October 29, 1863

New camp.  Moved back into the woods early this morning, and pitched our tents.  Go in with Trick & Farr, Pratt & Frink having been detailed to work on the rail-road.  Noble has been off a week.  Shall be glad when he gets back.  Am more and more disgusted with members of our company than ever.  They are a set of ignoramuses, a few excepted.

We have a fine camping ground.  The men have pitched tents on a ridge in the woods, fronting the east, our rear towards the rail-road.  Line officers in our rear, field in the rear of them, and on a knoll in the extreme rear is the hospital.  This is a beautiful growth, water and wood are convenient, and upon the whole it is the best ground we have had for an encampment.  Reports come today that we are to remain here on the left flank some time, but of course can not tell.  Officers and men hope so at any rate.  A fine day, notwithstanding the appearance of rain last night.  Afternoons cool.  Am writing at the Dr’s.  Have had a good chat with him.  I miss society very much.  Think as much of that now as I did victuals last week when I longed for something besides hard bread & pork.  Now for my quarters to retire after toasting my feet.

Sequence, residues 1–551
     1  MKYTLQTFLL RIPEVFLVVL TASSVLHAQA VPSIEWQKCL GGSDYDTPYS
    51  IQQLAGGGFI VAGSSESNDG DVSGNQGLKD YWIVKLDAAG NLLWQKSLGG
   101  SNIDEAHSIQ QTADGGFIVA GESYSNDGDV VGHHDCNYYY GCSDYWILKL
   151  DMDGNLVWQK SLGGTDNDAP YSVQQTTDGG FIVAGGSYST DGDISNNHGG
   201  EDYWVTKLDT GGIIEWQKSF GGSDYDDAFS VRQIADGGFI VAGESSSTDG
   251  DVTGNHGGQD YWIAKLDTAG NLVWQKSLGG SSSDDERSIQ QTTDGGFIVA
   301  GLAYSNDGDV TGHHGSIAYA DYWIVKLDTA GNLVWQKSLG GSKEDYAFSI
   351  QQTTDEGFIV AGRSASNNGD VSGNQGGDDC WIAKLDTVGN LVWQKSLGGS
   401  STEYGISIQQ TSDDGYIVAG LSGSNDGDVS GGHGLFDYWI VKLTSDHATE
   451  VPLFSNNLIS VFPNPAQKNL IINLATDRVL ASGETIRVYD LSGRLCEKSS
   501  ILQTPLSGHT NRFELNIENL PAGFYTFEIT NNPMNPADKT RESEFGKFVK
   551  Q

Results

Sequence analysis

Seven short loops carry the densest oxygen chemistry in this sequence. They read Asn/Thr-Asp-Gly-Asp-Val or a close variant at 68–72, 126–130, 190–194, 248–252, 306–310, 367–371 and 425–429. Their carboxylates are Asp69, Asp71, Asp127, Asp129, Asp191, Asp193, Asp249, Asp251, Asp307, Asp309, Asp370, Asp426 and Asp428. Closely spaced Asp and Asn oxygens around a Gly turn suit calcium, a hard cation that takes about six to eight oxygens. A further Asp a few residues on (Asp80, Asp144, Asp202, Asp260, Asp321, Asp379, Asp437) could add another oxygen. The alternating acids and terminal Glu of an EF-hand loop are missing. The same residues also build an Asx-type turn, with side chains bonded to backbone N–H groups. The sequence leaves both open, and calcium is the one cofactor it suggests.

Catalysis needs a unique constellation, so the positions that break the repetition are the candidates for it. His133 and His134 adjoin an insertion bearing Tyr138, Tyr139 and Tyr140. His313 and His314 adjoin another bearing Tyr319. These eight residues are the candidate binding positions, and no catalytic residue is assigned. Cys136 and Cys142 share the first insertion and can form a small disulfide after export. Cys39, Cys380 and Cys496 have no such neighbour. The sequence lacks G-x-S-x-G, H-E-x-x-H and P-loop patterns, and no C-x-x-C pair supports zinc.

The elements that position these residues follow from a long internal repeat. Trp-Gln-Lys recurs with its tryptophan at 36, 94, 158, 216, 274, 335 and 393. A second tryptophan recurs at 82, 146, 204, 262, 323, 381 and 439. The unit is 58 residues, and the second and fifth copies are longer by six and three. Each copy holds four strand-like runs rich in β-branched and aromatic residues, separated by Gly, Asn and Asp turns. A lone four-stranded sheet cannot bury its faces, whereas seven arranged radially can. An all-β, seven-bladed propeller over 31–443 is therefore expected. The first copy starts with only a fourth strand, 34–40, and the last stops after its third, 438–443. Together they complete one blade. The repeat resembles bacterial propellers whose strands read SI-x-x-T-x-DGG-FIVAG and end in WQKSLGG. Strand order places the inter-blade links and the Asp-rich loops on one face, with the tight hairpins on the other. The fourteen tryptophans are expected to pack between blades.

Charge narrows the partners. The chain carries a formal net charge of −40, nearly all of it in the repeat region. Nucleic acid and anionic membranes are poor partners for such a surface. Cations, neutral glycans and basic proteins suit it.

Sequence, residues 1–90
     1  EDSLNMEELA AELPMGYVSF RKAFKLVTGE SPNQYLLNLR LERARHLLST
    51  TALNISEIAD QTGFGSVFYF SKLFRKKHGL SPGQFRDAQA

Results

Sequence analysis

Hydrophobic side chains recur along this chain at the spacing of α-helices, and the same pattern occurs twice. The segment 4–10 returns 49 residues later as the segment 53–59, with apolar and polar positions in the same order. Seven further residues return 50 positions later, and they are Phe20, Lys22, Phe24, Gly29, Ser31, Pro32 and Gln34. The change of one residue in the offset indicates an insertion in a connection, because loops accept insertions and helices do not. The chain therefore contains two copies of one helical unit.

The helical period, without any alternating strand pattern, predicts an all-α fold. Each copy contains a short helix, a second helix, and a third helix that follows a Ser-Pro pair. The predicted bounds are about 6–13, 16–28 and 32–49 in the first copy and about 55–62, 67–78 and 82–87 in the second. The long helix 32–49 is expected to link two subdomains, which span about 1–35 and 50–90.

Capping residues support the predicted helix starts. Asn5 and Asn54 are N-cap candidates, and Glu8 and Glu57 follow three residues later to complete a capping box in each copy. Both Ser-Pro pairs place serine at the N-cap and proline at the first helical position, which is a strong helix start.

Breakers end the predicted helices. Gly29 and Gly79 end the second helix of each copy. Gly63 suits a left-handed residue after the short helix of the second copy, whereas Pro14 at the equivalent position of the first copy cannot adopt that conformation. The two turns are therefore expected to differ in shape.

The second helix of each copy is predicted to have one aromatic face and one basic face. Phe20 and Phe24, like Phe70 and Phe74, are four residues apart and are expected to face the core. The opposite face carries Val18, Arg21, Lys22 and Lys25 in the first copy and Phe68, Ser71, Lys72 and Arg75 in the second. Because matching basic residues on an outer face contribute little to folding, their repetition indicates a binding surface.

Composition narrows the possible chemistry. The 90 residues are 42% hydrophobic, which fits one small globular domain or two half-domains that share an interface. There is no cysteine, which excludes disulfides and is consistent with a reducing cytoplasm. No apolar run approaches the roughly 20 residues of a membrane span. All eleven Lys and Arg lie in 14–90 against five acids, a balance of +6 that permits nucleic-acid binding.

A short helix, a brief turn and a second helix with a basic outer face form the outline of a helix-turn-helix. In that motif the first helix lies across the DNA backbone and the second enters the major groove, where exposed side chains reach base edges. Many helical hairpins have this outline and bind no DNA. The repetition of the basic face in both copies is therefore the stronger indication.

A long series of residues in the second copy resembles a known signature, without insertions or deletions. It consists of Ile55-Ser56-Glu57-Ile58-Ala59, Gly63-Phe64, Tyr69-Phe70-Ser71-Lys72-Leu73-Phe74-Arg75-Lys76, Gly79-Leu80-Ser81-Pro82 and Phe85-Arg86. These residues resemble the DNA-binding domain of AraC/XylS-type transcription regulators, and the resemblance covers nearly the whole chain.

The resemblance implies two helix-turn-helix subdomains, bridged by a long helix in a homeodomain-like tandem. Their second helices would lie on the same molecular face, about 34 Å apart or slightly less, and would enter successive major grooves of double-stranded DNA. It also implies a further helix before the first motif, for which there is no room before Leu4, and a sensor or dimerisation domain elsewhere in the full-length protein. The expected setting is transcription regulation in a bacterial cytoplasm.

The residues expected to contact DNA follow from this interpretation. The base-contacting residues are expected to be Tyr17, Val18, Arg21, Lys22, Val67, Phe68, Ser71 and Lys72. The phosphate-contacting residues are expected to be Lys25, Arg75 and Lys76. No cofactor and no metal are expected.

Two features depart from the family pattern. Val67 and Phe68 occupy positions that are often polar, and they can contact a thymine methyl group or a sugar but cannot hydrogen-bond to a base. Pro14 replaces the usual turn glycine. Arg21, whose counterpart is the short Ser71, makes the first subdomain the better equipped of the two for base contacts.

Diary of Edwin Emery [Edwin Emery Diaries and Memoir] 

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